Date started: April 27, 2012
Date finished: April 29, 2012
Rachel Morse, a biracial girl whose mother is Danish and whose father is a black G.I., survives a terrible tragedy that claims the lives of her mother, brother, and baby sister. After the accident Rachel’s grandmother, Miss Doris, takes her home to a predominately black neighborhood in Cleveland. Rachel doesn’t quite fit in with her blue eyes and brown skin, drawing hatred from girls and admiration from boys. Told by multiple narrators, Rachel’s story and the truth about the day her family died unfolds, as she tries to make sense of what and who she is.
My rating: 5/10
The Girl Who Fell From the Sky is Heidi Durrow’s first novel, and has been given the dubious honor of being compared to Nella Larsen’s novella Passing. The problem with such a comparison is that Passing is far superior, but Durrow should be commended for an admirable attempt at capturing the essence of what made Passing so influential — that is, what does it mean to be black? To be white? Unfortunately, her attempt falls a bit short as she doesn’t explore the theme to the extent that Larsen did, even though Durrow’s novel has about 100 more pages than Passing. It is obvious that Durrow wanted to pay homage to her predecessor — the mother’s name is Nella — but she would have succeeded if she had gone a bit further with the racial division that is more prominent in Passing. Rachel’s thoughts about race are largely internalized, very rarely being spawned by some outside factor other comparing herself to people around her.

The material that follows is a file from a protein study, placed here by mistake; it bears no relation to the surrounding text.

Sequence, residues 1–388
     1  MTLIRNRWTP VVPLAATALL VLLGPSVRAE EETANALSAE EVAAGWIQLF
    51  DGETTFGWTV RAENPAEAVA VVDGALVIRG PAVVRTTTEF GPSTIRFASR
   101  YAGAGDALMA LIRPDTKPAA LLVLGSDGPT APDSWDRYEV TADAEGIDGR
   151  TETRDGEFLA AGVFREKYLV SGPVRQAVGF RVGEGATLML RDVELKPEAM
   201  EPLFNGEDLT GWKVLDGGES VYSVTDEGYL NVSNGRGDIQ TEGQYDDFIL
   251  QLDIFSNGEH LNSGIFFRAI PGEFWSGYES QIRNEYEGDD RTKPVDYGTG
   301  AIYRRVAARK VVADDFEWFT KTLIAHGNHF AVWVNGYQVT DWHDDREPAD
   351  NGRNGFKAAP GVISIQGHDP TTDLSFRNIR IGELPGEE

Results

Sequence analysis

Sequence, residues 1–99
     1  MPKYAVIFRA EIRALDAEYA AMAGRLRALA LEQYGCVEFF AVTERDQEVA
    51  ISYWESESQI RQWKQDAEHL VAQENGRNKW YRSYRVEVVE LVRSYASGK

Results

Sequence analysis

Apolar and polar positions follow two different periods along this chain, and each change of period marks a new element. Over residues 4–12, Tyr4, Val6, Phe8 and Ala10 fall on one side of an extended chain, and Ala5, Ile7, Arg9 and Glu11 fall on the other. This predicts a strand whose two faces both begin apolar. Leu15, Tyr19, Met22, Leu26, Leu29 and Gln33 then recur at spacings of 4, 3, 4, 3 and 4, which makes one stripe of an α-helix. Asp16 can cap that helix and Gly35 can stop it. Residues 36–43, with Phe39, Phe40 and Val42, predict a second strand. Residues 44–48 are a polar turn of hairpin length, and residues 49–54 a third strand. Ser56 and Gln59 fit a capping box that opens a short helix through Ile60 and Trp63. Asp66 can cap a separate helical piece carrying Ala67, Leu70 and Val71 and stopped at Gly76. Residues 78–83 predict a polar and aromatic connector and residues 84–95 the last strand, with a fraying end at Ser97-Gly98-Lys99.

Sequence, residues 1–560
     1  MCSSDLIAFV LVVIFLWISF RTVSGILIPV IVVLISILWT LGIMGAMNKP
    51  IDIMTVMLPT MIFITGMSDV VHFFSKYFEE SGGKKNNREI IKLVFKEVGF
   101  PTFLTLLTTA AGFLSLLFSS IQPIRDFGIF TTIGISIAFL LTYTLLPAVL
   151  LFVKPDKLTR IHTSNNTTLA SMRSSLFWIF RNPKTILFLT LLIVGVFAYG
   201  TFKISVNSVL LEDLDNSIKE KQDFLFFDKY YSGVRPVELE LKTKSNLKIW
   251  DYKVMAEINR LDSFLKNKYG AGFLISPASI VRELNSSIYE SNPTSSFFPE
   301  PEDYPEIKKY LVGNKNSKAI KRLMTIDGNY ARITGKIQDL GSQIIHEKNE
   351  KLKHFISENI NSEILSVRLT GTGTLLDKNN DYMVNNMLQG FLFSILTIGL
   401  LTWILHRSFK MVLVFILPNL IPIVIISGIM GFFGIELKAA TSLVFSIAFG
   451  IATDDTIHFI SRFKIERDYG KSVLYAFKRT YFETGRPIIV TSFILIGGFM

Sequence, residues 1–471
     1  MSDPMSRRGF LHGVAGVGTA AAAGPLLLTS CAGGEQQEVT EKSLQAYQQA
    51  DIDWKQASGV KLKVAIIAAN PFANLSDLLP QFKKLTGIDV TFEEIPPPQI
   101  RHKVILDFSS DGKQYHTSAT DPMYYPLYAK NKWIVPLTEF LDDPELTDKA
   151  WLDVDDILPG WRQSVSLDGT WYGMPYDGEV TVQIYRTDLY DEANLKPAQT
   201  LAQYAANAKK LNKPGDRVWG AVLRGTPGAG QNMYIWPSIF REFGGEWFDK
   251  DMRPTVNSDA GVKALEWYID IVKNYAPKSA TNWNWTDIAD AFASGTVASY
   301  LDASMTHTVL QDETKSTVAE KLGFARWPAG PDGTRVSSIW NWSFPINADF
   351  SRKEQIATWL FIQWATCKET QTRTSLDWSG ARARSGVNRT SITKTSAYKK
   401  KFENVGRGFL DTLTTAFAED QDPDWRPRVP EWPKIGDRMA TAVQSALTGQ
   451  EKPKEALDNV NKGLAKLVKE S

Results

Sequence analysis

The novel takes place largely during the ’80s, and while the first couple of chapters are told from Rachel’s point of view when she is in the fourth and fifth grade, the timeline isn’t ever fully explained. She goes from fifth grade to high school in a matter of chapters, with no real way for the reader to know anything about the timeframe except for the fact that one of the characters, Lakeisha, is listening to “Saving All My Love For You” by Whitney Houston on the radio. Rachel’s childish voice makes sense in the beginning chapters, but once she turns 14, and then 16 — with no mention of birthdays to help mark the passage of time — she still has the same simple, naive voice. She has grown up physically, but it seems that she has not matured mentally. Yes, she has learned the truth about the day her family died, and the events that the succeeded them, but has she learned anything about herself? About the world around her? I was expecting a bit more self-discovery, but it was noticeably absent from the novel. If Durrow had gone further with what, a reader would assume, was supposed to be the central theme of the novel — a biracial girl struggling with her identity — perhaps the novel would have been more of a success. For now it is, much like Larsen’s “tragic mulatta” Clare Kendry, simply passing.